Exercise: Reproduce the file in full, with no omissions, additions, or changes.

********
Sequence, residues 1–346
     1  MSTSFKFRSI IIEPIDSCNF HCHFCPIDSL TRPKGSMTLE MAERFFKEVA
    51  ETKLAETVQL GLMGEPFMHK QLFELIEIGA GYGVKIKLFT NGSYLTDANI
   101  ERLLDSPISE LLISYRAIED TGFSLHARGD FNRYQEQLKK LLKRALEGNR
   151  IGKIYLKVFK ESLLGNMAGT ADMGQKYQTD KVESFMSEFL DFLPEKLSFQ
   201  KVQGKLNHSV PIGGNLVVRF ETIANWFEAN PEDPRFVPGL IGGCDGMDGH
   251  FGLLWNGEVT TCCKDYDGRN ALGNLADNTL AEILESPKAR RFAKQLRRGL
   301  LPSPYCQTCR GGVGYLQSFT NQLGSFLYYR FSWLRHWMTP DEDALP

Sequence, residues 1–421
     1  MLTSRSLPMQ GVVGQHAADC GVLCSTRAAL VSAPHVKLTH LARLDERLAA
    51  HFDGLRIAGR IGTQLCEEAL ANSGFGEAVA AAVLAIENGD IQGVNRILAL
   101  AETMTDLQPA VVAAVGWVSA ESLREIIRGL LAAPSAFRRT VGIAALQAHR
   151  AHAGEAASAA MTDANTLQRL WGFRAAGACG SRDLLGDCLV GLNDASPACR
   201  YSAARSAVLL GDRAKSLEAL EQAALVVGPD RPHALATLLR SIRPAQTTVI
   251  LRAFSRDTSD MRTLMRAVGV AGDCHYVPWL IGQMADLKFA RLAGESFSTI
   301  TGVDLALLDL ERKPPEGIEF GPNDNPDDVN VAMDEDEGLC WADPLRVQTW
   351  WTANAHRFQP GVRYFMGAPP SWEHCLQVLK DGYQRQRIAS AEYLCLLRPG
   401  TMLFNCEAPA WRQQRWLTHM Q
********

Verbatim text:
Sequence, residues 1–346
     1  MSTSFKFRSI IIEPIDSCNF HCHFCPIDSL TRPKGSMTLE MAERFFKEVA
    51  ETKLAETVQL GLMGEPFMHK QLFELIEIGA GYGVKIKLFT NGSYLTDANI
   101  ERLLDSPISE LLISYRAIED TGFSLHARGD FNRYQEQLKK LLKRALEGNR
   151  IGKIYLKVFK ESLLGNMAGT ADMGQKYQTD KVESFMSEFL DFLPEKLSFQ
   201  KVQGKLNHSV PIGGNLVVRF ETIANWFEAN PEDPRFVPGL IGGCDGMDGH
   251  FGLLWNGEVT TCCKDYDGRN ALGNLADNTL AEILESPKAR RFAKQLRRGL
   301  LPSPYCQTCR GGVGYLQSFT NQLGSFLYYR FSWLRHWMTP DEDALP

Sequence, residues 1–421
     1  MLTSRSLPMQ GVVGQHAADC GVLCSTRAAL VSAPHVKLTH LARLDERLAA
    51  HFDGLRIAGR IGTQLCEEAL ANSGFGEAVA AAVLAIENGD IQGVNRILAL
   101  AETMTDLQPA VVAAVGWVSA ESLREIIRGL LAAPSAFRRT VGIAALQAHR
   151  AHAGEAASAA MTDANTLQRL WGFRAAGACG SRDLLGDCLV GLNDASPACR
   201  YSAARSAVLL GDRAKSLEAL EQAALVVGPD RPHALATLLR SIRPAQTTVI
   251  LRAFSRDTSD MRTLMRAVGV AGDCHYVPWL IGQMADLKFA RLAGESFSTI
   301  TGVDLALLDL ERKPPEGIEF GPNDNPDDVN VAMDEDEGLC WADPLRVQTW
   351  WTANAHRFQP GVRYFMGAPP SWEHCLQVLK DGYQRQRIAS AEYLCLLRPG
   401  TMLFNCEAPA WRQQRWLTHM Q